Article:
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More MS news articles for June 2003

Benign paroxysmal positioning vertigo in multiple sclerosis: diagnosis, pathophysiology and therapeutic techniques

Multiple Sclerosis, 1 June 2003, vol. 9, no. 3,   pp. 250-255(6)
Frohman E.M.[1]; Kramer P.D.[2]; Dewey R.B.[3]; Kramer L.[3]; Frohman T.C.[3]
[1] Departments of Neurology and Ophthalmology, University of Texas Southwestern Medical Center at Dallas, Dallas, Texas, USA [2] New Jersey Neuroscience Institute, Seton Hall University, South Orange, New Jersey, USA [3] Departments of Neurology, University of Texas Southwestern Medical Center at Dallas, Dallas, Texas, USA


To report on the most common causes of vertigo in patients with multiple sclerosis (MS) and emphasize appropriate diagnostic techniques and treatment interventions.


True vertigo is estimated to occur in about 20% of MS patients.

Lesions within the vestibular nuclei and in the root entry zone of cranial nerve VIII represent the most common locations where demyelinating activity can provoke vertigo in patients with MS.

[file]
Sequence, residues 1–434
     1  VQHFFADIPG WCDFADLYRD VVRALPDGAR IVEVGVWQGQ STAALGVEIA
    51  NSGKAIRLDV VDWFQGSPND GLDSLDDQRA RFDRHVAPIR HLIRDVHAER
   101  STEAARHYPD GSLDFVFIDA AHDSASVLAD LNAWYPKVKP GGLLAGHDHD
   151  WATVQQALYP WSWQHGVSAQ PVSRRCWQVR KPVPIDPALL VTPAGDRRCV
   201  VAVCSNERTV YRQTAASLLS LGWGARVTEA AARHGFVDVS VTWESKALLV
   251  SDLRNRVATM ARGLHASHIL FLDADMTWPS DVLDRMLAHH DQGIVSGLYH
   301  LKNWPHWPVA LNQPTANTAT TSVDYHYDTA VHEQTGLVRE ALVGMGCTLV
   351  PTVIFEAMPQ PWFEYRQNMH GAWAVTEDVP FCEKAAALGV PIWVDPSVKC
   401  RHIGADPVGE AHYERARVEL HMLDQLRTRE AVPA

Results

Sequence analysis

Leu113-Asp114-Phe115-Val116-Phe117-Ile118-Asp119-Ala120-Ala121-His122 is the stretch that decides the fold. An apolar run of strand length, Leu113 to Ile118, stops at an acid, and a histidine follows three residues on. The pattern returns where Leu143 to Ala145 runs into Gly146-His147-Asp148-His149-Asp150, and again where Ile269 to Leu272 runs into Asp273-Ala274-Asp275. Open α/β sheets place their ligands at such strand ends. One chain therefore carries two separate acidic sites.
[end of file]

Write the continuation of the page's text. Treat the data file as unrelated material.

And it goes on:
However, other causes of vertigo should be explored in MS patients in order to avoid unnecessary treatment with corticosteroids and vestibular suppressants.

Recently, we reviewed our four-year experience with new onset vertigo in our university-based MS population and found that benign paroxysmal positioning vertigo (BPPV) to be the most common cause.

All patients diagnosed with BPPV were treated successfully with particle repositioning maneuvers.

The remaining patients were treated with conventional therapies appropriate for the specific diagnosis.


Empiric treatments with corticosteroids and/or vestibular suppressants should not be employed until all MS patients undergo a careful bedside examination, which includes diagnostic positional and, if indicated, particle repositioning maneuvers.

Here we emphasize the pathophysiology of BPPV and illustrate the proper techniques for the diagnostic and therapeutic maneuvers.